SXSW Eco Hackathon Sign Up Now Open

Written by Jordan Roberts | August 28, 2014

Danaus plexippus Monarch butterfly on flower in the Mindo-Nambillo Reserve at approximately 1500 meters, Andes mountains, western Ecuador – Photo by © Kevin Schafer / WWF-Canon

Calling all environmentally-conscious hackers – the SXSW Eco Hackathon Presented by World Wildlife Fund needs your help to save the beautiful and iconic monarch butterfly!

Each year monarchs travel nearly 3,000 miles from the United States and Canada to the central Mexican forests – farther than any other tropical butterfly. Recent research has found the monarch population is the lowest it has been in the last two decades. With many contributing factors to this decline, the biggest threat is the widespread extermination along the monarch’s long migratory route of milkweed, a flowering plant critical to monarch butterfly reproduction and development. Monarch butterflies – like bees, bats, birds and other pollinators – affect 35 percent of the world’s crop production. A world without butterflies would significantly impact food production, a risk that we cannot take as we approach a planet of 9 billion people.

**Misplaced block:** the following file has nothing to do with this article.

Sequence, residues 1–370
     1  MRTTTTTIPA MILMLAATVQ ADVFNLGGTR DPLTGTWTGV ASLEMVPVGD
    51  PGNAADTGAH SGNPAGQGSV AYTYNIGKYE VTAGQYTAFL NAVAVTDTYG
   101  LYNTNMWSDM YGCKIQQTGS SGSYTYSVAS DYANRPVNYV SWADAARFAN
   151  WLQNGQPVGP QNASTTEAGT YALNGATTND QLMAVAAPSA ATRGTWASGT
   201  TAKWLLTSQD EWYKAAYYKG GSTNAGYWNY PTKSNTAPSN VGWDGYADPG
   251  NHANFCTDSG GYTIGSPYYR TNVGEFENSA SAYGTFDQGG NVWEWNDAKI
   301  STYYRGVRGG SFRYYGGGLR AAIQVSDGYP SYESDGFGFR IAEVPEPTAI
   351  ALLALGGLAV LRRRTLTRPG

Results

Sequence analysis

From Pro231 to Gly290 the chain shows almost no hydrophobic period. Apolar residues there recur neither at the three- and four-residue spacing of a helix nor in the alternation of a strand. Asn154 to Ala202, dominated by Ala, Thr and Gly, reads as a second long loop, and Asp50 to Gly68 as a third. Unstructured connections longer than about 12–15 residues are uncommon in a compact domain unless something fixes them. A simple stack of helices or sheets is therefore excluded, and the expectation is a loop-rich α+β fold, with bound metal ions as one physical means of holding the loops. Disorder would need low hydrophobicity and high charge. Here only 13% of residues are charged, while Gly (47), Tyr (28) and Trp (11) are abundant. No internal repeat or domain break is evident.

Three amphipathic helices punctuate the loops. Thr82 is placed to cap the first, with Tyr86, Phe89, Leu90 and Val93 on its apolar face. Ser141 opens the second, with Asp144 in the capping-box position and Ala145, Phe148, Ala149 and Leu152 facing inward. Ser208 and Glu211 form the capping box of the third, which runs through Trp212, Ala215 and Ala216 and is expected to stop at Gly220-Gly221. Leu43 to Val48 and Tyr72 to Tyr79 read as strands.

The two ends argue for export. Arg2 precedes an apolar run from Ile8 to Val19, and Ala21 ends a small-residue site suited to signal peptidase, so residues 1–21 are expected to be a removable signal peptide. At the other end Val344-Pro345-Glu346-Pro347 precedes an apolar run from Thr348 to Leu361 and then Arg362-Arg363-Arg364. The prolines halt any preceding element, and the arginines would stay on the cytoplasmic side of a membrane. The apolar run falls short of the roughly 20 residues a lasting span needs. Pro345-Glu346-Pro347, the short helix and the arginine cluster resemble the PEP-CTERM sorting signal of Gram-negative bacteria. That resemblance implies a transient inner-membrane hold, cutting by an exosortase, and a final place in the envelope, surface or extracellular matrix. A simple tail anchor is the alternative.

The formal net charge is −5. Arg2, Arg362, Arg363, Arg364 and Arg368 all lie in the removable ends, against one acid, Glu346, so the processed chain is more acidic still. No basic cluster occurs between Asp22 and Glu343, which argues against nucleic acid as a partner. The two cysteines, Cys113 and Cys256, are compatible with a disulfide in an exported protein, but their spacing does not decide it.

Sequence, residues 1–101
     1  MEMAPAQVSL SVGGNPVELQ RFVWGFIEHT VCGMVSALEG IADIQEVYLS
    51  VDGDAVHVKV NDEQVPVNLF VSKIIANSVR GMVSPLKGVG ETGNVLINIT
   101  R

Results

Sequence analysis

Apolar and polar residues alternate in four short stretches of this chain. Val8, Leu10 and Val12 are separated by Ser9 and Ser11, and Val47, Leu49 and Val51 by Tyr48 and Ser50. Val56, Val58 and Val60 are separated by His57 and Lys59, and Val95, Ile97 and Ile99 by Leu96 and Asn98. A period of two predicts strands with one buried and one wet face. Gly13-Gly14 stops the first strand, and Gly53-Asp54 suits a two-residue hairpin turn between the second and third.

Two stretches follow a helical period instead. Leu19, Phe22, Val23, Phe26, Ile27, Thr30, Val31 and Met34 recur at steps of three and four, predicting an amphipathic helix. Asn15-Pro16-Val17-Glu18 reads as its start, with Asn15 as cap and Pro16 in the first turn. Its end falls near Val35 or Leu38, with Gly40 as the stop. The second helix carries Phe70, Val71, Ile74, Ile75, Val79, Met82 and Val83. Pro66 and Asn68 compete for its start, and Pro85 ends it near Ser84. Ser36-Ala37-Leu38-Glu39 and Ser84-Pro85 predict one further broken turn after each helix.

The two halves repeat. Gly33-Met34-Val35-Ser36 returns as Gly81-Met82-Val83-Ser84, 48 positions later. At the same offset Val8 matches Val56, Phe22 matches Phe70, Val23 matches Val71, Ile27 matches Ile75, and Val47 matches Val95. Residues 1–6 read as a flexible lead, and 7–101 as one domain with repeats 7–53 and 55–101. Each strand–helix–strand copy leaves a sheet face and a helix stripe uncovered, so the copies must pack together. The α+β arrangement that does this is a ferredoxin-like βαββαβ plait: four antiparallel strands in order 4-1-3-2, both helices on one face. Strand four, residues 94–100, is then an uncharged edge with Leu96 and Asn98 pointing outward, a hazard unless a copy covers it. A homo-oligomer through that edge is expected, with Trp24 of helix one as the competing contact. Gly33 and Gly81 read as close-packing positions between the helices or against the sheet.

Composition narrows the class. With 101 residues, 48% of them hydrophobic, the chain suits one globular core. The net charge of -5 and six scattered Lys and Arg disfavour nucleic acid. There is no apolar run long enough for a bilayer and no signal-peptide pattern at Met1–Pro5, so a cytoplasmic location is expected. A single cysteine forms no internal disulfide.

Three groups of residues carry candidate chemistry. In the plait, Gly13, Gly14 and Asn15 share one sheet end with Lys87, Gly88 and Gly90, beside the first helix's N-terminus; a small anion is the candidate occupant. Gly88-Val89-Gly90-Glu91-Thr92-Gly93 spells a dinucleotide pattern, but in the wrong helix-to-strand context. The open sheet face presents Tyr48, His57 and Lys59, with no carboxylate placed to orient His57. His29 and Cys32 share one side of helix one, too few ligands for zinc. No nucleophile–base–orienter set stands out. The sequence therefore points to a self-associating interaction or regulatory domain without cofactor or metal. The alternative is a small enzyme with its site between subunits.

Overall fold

This is where you – the hacker – come in! Using data provided by Monarch Joint Venture and others, SXSW Eco is challenging hackers to spend 24 hours creating useable tools (websites or mobile apps) that will help the public participate in monarch conservation. Every hacker will receive a complimentary registration to SXSW Eco. Don't miss this opportunity to meet other sustainably-minded hackers, build a portfolio, team-build next to other industry leaders and have a fun time! For more information visit sxsweco.com/hackathon.

Sign up today!

SXSW Eco and WWF Hackathon

Register to attend SXSW Eco 2014 before the next registration deadline on September 12. Stay connected with SXSW Eco on Twitter, Facebook, Google+ and Instagram for announcements, updates, contests and more!

Danaus plexippus Monarch butterfly on flower in the Mindo-Nambillo Reserve at approximately 1500 meters, Andes mountains, western Ecuador – Photo by © Kevin Schafer / WWF-Canon